Thursday morning headlines

Bold move: It's one thing for a bunch of civic leaders to sign off on a meaningless letter of protest to Tribune Co. executives about budget cuts at the Tribune-owned LAT. It's quite another for the LAT to play up the story, along with word of editor Dean Baquet's objection to the prospects of still more cuts at the paper. I guess war has officially broken out - too bad it's a trifle one-sided. By the way, Tribune stock has barely moved since the company's stock buyback plan was announced. You know, the plan that was supposed to boost the stock price.

H-P inquiry: Bill Lockyer is starting to sound a lot like Eliot Spitzer. The California Attorney General is broadening his investigation into boardroom leaks at Hewlett-Packard. Besides looking at phone records without authorization, the snoops might have engaged in human and possibly video surveillance. LAT WSJ

Broken record: There's a new batch of housing numbers for August and they're showing the same unsettling story. L.A. County had a 21 percent drop in sales from a year earlier and the median price rose just 4.7 percent, to $517,000, according to DataQuick. "It's clear that a price correction is underway, but it's a matter of magnitude," said Andrew LePage, a DataQuick analyst. Sign of the times: Countrywide Financial reported this morning that August mortgage fundings fell 24 percent, to $40 billion. CEO Angelo Mozilo cited the market downturn.

More foreclosures: During the April-June period, 2.18 percent of California's 5.5 million mortgages were past due, compared with 1.6 percent nationally. But only 0.53 percent were actually in foreclosure, compared with 3.3 percent in the U.S. By historial standards, the actual number of foreclosures in California has been very low, so let's not compare the housing situation now with what happened in the early 90s.

Federated cuts: I'll bet that Federated Department Stores, which went nuts over the weekend promoting its all-Macy's strategy, won't be publicizing the layoffs of nearly 280 workers at the company's logistics facility in Industry. But the state's Employment Development Department's Web site indicates that the terminations began June 1 with 150 layoffs and will conclude next month with the release of the final six affected employees. Nice story by the Pasadena Star-News, which, by the way, couldn't get a comment from Cincinnati-based Federated.

Piracy suit: Not sure whether this will go anywhere, but six studios have sued two Chinese stores for allegedly selling illegal copies of their movies. The studios want $247,000 in damages. The Chinese government claims that it's been cleaning up its act on the piracy front, but the Motion Picture Association, which filed the suit, claims that 90 percent of the DVDs sold in China are pirated.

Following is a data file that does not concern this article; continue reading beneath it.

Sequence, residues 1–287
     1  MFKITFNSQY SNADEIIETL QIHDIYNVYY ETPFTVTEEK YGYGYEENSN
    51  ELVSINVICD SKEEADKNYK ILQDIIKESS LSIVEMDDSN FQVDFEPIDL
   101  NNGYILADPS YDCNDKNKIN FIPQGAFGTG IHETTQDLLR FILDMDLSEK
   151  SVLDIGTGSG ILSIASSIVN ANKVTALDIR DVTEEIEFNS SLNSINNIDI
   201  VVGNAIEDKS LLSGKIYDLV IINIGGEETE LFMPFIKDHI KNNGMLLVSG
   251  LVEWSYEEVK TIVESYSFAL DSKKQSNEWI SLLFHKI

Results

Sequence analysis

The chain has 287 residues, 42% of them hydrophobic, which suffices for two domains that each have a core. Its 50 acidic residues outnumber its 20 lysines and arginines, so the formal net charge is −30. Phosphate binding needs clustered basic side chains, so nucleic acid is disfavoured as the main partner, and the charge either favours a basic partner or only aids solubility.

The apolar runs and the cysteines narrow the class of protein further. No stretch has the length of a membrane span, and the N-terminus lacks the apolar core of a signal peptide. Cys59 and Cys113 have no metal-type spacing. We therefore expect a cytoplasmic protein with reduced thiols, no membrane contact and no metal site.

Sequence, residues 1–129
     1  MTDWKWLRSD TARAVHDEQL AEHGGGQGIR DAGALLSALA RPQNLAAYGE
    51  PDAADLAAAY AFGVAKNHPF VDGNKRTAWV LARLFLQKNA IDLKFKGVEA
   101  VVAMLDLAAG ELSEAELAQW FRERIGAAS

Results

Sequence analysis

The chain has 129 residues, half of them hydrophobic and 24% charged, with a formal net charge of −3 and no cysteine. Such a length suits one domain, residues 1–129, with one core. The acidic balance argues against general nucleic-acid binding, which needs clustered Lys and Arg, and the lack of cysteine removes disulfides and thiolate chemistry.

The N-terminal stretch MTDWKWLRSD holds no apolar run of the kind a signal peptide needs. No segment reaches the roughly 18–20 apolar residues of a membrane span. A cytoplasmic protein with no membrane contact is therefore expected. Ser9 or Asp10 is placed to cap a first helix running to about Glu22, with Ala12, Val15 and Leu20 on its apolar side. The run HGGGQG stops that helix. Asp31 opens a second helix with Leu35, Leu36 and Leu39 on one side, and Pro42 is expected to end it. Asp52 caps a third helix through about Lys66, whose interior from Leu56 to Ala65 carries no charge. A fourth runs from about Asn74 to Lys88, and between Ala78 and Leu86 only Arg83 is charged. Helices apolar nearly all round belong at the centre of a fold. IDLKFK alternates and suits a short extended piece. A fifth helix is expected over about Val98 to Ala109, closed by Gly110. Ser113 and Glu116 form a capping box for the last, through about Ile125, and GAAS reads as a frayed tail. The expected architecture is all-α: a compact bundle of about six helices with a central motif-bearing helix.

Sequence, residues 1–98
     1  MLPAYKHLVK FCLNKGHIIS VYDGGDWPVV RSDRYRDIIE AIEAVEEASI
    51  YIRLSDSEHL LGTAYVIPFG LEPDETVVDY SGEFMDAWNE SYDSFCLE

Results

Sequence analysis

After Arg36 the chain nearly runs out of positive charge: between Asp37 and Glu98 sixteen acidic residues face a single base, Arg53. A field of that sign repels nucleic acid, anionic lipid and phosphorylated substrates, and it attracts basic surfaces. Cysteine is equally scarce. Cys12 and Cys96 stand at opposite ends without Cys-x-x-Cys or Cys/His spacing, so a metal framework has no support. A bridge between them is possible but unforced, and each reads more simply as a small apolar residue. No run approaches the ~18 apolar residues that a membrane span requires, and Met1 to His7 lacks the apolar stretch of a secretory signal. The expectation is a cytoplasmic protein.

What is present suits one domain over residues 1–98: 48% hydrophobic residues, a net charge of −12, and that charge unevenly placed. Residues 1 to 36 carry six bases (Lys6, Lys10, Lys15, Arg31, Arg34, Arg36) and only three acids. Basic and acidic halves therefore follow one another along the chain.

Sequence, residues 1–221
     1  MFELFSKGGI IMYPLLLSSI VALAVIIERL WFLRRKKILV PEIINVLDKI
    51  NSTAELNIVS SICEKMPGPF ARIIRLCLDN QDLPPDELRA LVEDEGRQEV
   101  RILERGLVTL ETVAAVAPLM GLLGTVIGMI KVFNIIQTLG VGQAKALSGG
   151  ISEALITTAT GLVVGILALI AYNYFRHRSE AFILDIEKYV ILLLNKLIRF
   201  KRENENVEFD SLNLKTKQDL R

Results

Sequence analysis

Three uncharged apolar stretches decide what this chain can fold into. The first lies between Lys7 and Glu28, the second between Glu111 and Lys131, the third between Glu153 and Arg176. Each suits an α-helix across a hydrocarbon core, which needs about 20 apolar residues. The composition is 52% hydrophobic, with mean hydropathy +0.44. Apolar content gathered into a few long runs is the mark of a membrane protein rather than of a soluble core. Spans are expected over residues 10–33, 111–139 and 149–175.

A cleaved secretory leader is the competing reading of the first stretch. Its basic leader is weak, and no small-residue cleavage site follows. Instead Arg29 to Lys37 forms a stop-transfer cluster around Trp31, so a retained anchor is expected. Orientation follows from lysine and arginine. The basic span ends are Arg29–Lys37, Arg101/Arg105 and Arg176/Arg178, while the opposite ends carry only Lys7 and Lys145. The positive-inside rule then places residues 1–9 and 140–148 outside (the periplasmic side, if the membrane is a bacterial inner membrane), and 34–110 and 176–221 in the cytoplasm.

Insurance cuts: The average motorist with 21st Century Insurance coverage could save $219 under new Department of Insurance regulations requiring that premiums be based on a driver's record and not the ZIP code of where the car owner happens to live. Commissioner John Garamendi will hold a media event in L.A. today to trumpet the news.

Port payments: The L.A. City Council approves a settlement that will have Burlington Northern and Union Pacific pay the Alameda Corridor Transportation Authority for cargo that is offloaded at Los Angeles and Long Beach ports and reloaded onto rail containers. The authority is a joint-powers agency of the two cities and their ports. Could amount to an extra few million bucks.

Air America woes: The NY Post (consider the source) says there are all kinds of rumors that Air America, the liberal oriented radio network, will declare bankruptcy this week, but try to reorganize and stay on the air through the November elections. The network said the rumors weren't true, but financial problems have plagued Air America from the beginning. The last I checked, AA was on KTLK-AM (1150).

Supercenter opens: Wal-Mart can't seem to ever open a store in Socal without controversy. Its Rosemead supercenter that's at the center of a recall campaign against the mayor opened on Wednesday, apparently ahead of schedule. Those opposing the new store are bent out of shape because they weren't notified.

Delta flights: The airline will add flights beginning in December from LAX to Nicaragua and Puerto Vallarta, Mexico. That's in addition to 11 previously announced destinations in Mexico and Central America.

Otis auction: It's sadly ironic that with all the hoo-ha going on at the Times these days, Otis Chandler's car and motorcycle collection is ready to be auctioned off next month. Included in the late LAT publisher's collection: a 1904 Mercedes 40/45 Sports Touring, a 1934 Packard Two Place Coupe and a 1931 Duesenberg J Special Phaeton by LeBaron.

More by Mark Lacter:
American-US Air settlement with DOJ includes small tweak at LAX
Socal housing market going nowhere fast
Amazon keeps pushing for faster L.A. delivery
Another rugged quarter for Tribune Co. papers
How does Stanford compete with the big boys?
Those awful infographics that promise to explain and only distort
Best to low-ball today's employment report
Further fallout from airport shootings
Crazy opening for Twitter*
Should Twitter be valued at $18 billion?
Recent stories:
Siri versus Hawaiian pidgin (video)
Letter from Down Under: Welcome to the Homogenocene
One last Florida photo
Signs of Saturday: No refund
'I Am Woman,' hear them roar
Previous story: Nissan sells property

Next story: Weak numbers at Tribune

New at LA Observed
On the Media Page
Go to Media

On the Politics Page
Go to Politics
Arts and culture

Sign up for daily email from LA Observed

Enter your email address:

Delivered by FeedBurner

Mark Lacter
Mark Lacter created the LA Biz Observed blog in 2006. He posted until the day before his death on Nov. 13, 2013.
Mark Lacter, business writer and editor was 59
The multi-talented Mark Lacter
LA Observed on Twitter and Facebook